Saturday, November 30, 2019

Polemics On Veiling Egyptian Women In The Twentieth Century Essays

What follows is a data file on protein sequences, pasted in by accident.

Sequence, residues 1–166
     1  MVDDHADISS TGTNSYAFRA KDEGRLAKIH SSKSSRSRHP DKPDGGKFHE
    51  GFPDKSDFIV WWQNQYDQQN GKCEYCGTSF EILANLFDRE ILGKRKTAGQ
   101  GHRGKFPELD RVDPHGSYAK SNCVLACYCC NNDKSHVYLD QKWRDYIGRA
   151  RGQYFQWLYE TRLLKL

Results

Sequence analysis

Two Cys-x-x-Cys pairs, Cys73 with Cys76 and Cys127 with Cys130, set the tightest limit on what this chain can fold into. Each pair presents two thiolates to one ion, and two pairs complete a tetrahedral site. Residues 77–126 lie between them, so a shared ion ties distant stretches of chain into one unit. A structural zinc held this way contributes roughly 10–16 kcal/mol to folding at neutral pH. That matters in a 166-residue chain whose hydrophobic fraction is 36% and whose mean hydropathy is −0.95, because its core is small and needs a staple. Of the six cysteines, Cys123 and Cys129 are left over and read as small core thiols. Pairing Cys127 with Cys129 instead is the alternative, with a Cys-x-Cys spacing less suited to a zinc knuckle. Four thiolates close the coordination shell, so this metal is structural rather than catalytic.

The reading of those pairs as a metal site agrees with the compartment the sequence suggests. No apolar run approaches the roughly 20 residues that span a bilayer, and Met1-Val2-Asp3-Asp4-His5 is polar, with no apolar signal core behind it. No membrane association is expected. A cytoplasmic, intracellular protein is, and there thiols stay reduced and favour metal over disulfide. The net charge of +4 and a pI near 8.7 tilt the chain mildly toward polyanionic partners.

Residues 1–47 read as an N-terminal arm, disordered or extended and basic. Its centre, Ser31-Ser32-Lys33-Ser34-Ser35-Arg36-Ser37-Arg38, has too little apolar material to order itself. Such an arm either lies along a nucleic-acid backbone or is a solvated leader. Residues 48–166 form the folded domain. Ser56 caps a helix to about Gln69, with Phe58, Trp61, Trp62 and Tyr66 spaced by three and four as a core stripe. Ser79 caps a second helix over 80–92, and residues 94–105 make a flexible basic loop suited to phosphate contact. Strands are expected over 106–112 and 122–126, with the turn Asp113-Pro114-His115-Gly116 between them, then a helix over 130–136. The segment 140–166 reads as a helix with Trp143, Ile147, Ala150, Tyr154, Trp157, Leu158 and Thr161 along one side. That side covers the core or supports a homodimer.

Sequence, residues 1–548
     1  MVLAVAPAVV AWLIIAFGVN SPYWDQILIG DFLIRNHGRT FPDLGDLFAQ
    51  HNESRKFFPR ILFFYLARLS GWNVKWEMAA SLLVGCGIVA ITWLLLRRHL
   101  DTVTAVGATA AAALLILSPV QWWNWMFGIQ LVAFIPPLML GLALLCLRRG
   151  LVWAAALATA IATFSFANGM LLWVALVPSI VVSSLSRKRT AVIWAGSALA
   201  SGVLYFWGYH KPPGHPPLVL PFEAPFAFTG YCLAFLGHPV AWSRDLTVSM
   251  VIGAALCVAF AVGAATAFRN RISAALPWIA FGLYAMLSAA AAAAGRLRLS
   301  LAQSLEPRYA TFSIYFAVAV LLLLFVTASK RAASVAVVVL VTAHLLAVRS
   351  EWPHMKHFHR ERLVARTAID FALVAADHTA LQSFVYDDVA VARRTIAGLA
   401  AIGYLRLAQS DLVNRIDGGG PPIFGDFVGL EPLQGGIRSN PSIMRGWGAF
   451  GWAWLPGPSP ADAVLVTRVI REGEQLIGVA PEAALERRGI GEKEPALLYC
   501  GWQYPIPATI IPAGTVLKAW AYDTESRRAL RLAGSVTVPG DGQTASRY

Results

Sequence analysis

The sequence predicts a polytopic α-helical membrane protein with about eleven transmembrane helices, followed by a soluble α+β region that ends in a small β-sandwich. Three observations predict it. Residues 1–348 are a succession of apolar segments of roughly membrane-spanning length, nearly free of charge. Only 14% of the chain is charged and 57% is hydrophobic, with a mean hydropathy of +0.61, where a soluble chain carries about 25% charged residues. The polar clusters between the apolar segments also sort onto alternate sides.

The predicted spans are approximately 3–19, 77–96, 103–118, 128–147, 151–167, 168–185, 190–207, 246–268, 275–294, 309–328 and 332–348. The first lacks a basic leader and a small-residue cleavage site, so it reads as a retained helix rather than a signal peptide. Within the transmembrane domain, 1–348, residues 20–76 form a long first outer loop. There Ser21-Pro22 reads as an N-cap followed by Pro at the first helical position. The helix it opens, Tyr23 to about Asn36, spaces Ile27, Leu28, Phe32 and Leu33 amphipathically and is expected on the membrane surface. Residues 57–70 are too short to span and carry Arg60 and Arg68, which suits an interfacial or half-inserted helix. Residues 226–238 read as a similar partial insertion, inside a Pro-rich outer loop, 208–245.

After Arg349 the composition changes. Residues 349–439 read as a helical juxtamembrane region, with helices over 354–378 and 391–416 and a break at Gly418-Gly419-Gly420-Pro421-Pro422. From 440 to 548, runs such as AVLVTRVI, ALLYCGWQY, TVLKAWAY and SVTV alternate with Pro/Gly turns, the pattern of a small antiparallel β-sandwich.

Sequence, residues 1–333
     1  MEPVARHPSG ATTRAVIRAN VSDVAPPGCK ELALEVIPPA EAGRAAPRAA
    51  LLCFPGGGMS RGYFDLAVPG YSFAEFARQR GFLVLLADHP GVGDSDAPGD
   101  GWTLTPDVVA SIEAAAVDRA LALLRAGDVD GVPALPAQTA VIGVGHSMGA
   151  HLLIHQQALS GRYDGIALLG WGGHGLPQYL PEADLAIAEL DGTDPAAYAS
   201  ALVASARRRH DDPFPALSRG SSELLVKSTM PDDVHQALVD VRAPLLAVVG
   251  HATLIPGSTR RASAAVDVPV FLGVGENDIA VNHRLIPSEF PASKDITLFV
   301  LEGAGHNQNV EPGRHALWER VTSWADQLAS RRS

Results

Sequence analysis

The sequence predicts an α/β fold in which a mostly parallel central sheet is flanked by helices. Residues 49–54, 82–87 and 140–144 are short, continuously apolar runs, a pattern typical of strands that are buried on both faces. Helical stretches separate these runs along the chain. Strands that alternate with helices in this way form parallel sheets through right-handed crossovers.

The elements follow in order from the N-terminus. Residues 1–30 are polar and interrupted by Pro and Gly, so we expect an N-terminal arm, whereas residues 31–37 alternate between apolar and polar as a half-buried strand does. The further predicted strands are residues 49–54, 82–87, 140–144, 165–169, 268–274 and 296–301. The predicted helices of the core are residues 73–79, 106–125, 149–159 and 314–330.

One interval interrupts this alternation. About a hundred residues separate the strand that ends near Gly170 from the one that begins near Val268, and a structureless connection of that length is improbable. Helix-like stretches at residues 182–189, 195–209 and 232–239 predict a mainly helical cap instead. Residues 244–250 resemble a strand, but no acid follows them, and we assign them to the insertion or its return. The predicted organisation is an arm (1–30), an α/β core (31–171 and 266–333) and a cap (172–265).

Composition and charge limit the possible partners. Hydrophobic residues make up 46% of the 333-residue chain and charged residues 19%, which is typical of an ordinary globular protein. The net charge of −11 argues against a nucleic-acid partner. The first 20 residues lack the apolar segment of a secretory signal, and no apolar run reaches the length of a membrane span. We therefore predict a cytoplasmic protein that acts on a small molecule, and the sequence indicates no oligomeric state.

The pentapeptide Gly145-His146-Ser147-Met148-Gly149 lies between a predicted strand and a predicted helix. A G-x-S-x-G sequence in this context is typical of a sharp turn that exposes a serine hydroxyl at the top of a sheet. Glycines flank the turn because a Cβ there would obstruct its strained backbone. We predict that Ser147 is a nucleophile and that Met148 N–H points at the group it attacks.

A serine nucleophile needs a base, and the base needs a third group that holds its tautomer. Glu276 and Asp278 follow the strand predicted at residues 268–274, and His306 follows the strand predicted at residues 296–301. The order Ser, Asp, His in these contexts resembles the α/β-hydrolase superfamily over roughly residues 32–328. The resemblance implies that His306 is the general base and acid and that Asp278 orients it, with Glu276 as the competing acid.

Polemics On Veiling Egyptian Women In The Twentieth Century Introduction .. so much energy has been expended by Muslim men and then Muslim women to remove the veil and by others to affirm or restore it .. (Ahmed 167). This paper explores these efforts in two specific stages: the first and the last thirds of the twentieth century. Through an analysis of some of the various arguments on the veil, I will try to induce some general characteristics of the debate on the issue and on women during these two specific periods of time. The starting point will be Kasim Amin's Tahrir el Mara'a (Liberation of Woman) and the counter argument of Talat Harb's Tarbiet el Mara'a wal Hijab, (Educating Women and the Veil). The debate between those two protagonists which has become a prototype of the debate on the veil throughout the century (Ahmed P. 164). Malak Hefni Nassif's and Hoda Sha'arawi's attitudes towards the veil represent an interesting insight to two different interpretations of the hijab issue by feminist activists that prevail throughout the century. The whole synthesis of this early debate is then put in juxtaposition to the debate later in the century as represented by the avalanche of literature on the topic in the seventies, the views of some famous sheikhs like Mohammed Metwally el Shaarawi and others, and the heated debate initiated by the Minister of Education's decree of 1994 to prevent school administrations from imposing the hijab on girls as part of the uniform. The Early Debate Kasim Amin's Tahrir El-Mara'a (Published 1899) It may not be an exaggeration to say that Amin's Tahrir al-Mara'a was one of the most controversial book in Egypt's modern history. It has ignited a strong debate and prompted more than thirty reaction articles and books either to defy or assert his argument against the veil (Ahmed P. 164). The ideas of the book were not totally new, they echoed the writings of some writers like Mariam al-Nahhas (1856-1888), Zaynab Fawwaz (1860-1914), Aisha al-Taymuriah (1840-1902), and Murqus Fahmi's (a Coptic lawyer) four act play Al Mar'ah fi al-Sharq or (The Woman in the East) (Badran P. 19). Yet, Amin's book double-scored for coming from a Muslim judge and for his overt proposal to unveiling women's faces. His words were not the only challenge to the existing notions of the hijab, it was his caliber as a Moslim judge that has vocalized his call to unveil women and gave his book importance. After an introduction loaded with emotional phrases on the degradation of the Egyptian woman and an exaltation of the European woman, the book is divided into four sections: Educating women, Women's veil, The woman and the nation, and Marriage and divorce. Amin starts his argument calling for the Hijab Shara'ei stating that the Hijab in its form then (covering the face, the hair and the whole body) was not mandated by the Shari'aa. He further adds that he was not calling for the extreme of the West which makes the woman liable to seduction (Amin P. 65). The argument against the veil is in two sections: The religious section which is mainly text interpretation and some Hadith that prompt women to cover the hair and the whole body except for the hands and the face; and the social (practical / everyday life) perspective. The later section includes social ideas such as the inconvenience for women with their faces covered to dwell in business, to testify in courts or to get engaged (as the groom should see her face first). Furthermore, he argues that unveiling would make women watch their behaviors as they could be recognized and hence their reputation would be at stake if they did any wrong. Still, from the practical social point of view, the flimsy bourqo' (face cover) used was more tempting as it makes the viewer curious to see what was intended to be hidden. He further argues that, if women are imprisoned in the hareem (part of the house where women are secluded), then even if they did not commit any shameful act, it would not be due to any virtue in them, but to the fact that they did not have the freedom to do otherwise. Amin accuses the veil of being a barrier to women's development and education (P. 85), arguing that it deprived her from interacting with the society and learning how to live. He illustrates by comparing the ignorant peasant with the elite urban lady who can speak French and plays the piano, and concludes that the ignorat peasant would be

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